FEZZIWIG'S WAREHOUSE DANCE PARTY

AT THE DICKENS CHRISTMAS FAIR

    

 

Remember that Fezziwigs is a work party, where friends and neighbors have been invited. The correct people to be at the Fezziwig's party are employees and neighbors: "In came the housemaid, with her cousin, the baker. In came the cook, with her brother’s particular friend, the milkman. In came the boy from over the way, who was suspected of not having board enough from his master; trying to hide himself behind the girl from next door but one, who was proved to have had her ears pulled by her mistress."

 These are the characters mentioned in the text of A Christmas Carol. In addition to these characters actors may also play other employees, friends, and family members. But we would ideally like to have as many of these specific characters in the cast as we can.

 

Mr. Fezziwig
Mrs. Fezziwig
Young Ebenezer Scrooge
Dick Wilkins
The Three Fezziwig Daughters
The Six Young Followers whose hearts they broke
The men and women employed in the business
The Housemaid
The Baker
The Cook
The Milkman
The boy from over the way
The girl from next door but one

 

 BUILDING A CHARACTER

An important step in creating a character for Fezziwig's is to take the Characterization classes at workshops, but don’t be afraid to start on your own. Remember that a character has both a personality and a physical presence. Work at your character both from the outside and from the inside. You may choose to model your character on a minor character from Dickens novels or just make something up.

Outward Presentation:

· Go to a public place for an hour. Watch people.
· Find 3 different ways of sitting, standing, using your hands.
· Ask yourself “would my character do that? If not, why not?”
· Decide how your character walks, stands, sits.
· Stand like a Victorian.
· If possible, spend some time in your costume. Victorian clothing restricted movement much more than modern clothing does. This will affect how your character moves.
· If you can find a book on etiquette, adopt one of its less gross flaws. Etiquette books tell people not to do things that they are in fact doing all the time.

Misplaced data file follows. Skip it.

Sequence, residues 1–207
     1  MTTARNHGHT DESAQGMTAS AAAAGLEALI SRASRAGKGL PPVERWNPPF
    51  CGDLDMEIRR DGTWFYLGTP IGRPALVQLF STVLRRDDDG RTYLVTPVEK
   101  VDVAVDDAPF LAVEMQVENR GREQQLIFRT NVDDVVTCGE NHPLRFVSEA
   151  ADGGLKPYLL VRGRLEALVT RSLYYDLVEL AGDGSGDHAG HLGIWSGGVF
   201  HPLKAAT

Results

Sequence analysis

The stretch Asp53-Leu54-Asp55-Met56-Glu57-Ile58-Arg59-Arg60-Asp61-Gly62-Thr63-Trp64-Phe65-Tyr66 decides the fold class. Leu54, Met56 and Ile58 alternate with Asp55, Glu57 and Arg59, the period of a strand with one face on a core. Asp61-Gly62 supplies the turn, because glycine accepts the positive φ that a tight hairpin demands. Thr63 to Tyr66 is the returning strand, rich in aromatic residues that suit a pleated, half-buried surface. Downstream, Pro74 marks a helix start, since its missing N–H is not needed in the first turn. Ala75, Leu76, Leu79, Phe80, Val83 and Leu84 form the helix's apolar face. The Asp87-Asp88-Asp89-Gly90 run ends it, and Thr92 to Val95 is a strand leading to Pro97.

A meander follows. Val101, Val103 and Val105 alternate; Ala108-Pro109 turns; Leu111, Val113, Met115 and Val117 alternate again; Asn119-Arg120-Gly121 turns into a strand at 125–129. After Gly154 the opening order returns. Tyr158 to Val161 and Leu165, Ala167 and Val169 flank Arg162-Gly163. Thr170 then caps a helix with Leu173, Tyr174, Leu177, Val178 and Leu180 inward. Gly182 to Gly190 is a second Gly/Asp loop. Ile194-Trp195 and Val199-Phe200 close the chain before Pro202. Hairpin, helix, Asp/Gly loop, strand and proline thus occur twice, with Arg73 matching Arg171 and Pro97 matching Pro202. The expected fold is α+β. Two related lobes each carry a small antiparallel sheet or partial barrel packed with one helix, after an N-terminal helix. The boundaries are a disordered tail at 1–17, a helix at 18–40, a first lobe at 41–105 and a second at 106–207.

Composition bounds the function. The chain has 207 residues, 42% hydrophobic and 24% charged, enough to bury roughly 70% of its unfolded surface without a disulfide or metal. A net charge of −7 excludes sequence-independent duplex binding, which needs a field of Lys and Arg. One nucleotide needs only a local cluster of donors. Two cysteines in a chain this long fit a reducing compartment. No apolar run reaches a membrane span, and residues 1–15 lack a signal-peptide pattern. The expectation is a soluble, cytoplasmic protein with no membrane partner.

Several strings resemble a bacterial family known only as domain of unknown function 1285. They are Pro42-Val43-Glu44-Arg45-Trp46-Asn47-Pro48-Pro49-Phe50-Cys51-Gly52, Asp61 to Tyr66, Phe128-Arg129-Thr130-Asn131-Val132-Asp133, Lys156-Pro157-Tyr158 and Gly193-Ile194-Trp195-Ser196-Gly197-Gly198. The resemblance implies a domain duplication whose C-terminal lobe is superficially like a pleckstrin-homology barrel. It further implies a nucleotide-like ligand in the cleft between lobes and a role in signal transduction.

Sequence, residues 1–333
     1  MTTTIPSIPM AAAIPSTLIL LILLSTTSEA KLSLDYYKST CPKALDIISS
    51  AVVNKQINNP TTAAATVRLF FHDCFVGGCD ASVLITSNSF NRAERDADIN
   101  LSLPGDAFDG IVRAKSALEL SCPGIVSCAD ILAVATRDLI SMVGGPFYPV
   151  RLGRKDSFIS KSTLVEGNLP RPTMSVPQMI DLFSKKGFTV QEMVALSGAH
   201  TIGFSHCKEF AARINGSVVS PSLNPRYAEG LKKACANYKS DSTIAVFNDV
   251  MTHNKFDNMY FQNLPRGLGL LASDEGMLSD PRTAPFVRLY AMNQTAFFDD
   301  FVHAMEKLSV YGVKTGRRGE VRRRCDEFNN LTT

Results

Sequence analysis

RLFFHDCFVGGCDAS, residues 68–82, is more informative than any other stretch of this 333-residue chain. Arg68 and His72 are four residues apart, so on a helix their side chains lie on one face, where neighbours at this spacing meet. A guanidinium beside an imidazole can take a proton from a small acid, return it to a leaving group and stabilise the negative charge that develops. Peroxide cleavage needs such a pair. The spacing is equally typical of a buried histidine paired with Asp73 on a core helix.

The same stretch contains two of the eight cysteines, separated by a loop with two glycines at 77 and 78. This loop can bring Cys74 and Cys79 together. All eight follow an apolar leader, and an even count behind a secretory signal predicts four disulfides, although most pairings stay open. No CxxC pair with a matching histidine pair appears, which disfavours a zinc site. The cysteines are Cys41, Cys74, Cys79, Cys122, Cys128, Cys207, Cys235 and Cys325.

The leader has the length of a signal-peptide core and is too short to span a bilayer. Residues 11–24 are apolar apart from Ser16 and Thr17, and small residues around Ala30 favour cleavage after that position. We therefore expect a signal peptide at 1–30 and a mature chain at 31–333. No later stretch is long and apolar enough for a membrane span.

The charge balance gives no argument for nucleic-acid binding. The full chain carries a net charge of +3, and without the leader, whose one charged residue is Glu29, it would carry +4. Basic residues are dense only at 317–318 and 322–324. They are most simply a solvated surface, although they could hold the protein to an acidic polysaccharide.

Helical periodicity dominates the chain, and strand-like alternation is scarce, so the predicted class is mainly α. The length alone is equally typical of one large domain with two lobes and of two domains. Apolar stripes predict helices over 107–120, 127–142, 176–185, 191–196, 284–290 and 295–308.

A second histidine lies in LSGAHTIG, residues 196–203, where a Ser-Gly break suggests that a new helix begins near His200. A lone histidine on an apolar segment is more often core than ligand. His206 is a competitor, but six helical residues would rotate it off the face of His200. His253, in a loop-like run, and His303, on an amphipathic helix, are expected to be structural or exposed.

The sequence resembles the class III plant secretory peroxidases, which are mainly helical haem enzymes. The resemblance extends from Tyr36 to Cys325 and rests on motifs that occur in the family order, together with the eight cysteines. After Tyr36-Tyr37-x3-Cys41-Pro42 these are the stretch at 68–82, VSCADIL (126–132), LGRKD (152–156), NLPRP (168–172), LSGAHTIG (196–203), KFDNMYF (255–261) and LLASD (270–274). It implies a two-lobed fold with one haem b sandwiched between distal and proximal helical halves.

· If you are lucky enough to be playing a Dickens character who has a characteristic turn of phrase such as Mr. Wemmock referring to his father as “the aged P” or Mr. Fezziwig’s “Hilli ho!”, not to mention Scrooge’s “Bah, Humbug!” Practice it!
· Find something that you can wear or carry that shows your station in life and your own or your family’s profession.
· Look at pictures. Picture yourself in them, relating to those people.

Internal Characterization:

Create your back story.

· What kind of people raised you? If not your parents, who were they?
· How were you treated and what has it done to you?
· Do you have sisters and brothers?
· How do you relate to them now you are an adult?
· What do you do all day? How do you get your living? Do you like the work you do?
· What kind of place do you live in and who shares it
· Who can you trust? If you had a bad nightmare, is there anyone in your life you could tell? Who is your best friend?
· What do you like best to eat? What will you have for Christmas dinner? What did you have for breakfast?
· What is your favorite Christmas Carol? What is your favorite dance? What is your favorite parlour game
· Where are you in terms of this world’s wealth? What is the largest sum of money you have ever had at once?
· What do you daydream about? What are your hopes?
· What do you not have that you think you can achieve?What can you not ever aspire to achieve?
· Make up 3 incidents that happened to you. Have these at the ready to tell a stranger.
· How do you know the Fezziwigs? Which one are you closest to?
· What makes you tick?

Putting it all together:

· How do you introduce yourself to people in character?
· How do you ask them to dance? Shyly? With a fancy speech? Expecting the answer yes?
· How does your character go right hands round in Sir Roger? Back to Back?
· How would your character explain the game of Minister's Cat?
· If you meet a family group, do you speak first to the father, mother, child, girl or boy?
· What does your body language say as you approach customers? Eager friendliness? Delighted expectation? Shy pleasure?
· How do you suggest sitting out a dance if a customer is enjoying talking with you but can't or won't dance just now?
· For good practice, write a page using your character’s voice. It can be a letter or a page out of your character’s diary.


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